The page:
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How Much has the IMF Changed in Response to the Global Crisis?

Matías Vernengo

Following the 2008 Global Crisis the notion that the International Monetary Fund (IMF) has moved away from orthodox views on a range of issues, but particularly regarding the need for austerity, has been pervasive. For example, Paul Krugman has argued, in his influential blog, that Olivier Blanchard, IMF’s director of research (or economic counselor) is “helping make at least one international institution less austerity-mad than the others.”

So what is this new view, exposed by Blanchard? For example, in the preface to the last World Economic Outlook, Blanchard tells us that:

Potential growth in many advanced economies is very low. This is bad on its own, but it also makes fiscal adjustment more difficult. In this context, measures to increase potential growth are becoming more important—from rethinking the shape of labor market institutions, to increasing competition and productivity in a number of nontradables sectors, to rethinking the size of the government, to examining the role of public investment.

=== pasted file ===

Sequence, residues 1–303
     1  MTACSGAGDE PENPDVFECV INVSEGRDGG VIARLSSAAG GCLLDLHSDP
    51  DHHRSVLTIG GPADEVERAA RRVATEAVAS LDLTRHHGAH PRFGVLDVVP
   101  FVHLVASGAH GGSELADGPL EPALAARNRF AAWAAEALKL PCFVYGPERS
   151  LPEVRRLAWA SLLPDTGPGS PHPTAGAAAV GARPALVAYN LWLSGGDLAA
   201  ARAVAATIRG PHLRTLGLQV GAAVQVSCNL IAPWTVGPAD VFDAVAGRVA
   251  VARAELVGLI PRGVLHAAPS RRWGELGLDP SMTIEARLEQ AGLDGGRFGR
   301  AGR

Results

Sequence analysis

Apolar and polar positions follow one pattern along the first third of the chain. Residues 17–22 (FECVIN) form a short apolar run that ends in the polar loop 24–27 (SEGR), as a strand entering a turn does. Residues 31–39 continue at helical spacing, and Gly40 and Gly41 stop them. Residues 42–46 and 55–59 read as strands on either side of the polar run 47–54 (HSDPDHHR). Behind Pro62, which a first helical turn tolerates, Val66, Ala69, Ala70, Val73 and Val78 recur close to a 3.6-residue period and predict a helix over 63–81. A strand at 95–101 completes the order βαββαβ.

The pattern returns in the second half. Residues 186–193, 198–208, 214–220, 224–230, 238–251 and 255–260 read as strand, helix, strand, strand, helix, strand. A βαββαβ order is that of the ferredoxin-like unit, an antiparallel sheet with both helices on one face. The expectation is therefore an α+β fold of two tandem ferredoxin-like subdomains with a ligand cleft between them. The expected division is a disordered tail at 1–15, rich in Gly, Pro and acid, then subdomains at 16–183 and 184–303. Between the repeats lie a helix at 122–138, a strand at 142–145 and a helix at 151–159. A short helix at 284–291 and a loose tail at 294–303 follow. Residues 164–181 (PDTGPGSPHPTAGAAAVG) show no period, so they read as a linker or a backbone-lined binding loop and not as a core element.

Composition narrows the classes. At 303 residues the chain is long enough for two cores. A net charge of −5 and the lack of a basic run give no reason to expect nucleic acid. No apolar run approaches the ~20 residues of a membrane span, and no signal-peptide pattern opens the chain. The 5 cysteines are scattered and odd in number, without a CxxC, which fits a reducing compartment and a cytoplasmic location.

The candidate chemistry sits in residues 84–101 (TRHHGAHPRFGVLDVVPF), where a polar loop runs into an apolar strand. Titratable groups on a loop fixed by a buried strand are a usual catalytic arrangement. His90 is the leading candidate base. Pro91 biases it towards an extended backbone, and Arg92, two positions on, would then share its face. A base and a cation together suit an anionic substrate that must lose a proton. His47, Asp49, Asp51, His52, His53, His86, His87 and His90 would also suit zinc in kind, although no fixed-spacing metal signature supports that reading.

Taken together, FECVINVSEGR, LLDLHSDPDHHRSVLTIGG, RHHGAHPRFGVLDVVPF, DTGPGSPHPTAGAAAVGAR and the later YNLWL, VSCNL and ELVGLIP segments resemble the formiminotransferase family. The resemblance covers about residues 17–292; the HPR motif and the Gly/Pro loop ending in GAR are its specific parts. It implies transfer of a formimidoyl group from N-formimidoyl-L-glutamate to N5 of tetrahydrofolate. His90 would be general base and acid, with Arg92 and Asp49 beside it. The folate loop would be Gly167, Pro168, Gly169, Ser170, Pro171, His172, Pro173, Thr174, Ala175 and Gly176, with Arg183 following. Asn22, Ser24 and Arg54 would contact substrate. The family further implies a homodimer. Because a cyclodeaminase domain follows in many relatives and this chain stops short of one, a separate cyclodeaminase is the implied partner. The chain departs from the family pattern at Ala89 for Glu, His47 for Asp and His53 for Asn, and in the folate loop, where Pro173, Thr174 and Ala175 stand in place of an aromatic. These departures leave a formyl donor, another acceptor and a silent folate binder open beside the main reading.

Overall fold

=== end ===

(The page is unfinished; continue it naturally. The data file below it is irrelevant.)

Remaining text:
Note that in neoclassical (or mainstream) economics speak, potential growth is supply-side determined. That’s why the reforms would be less regulation of labor markets (to allow firms to hire workers for a lower wage), reduced regulation (to generate incentives for firm entry to increase competition), and reduced size of the public sector (that’s what “rethinking” means; nudge, nudge, wink, wink). These policies are needed to boost the supply capacity of the economy, its “potential” or “natural” output. Demand expansion, in the form of more spending and fiscal deficits cannot be pursued, since the growth of potential output is “very low.”

These are, in fact, the same neoliberal reforms that the IMF has always supported, and that since the 1990s have been referred to as the Washington Consensus.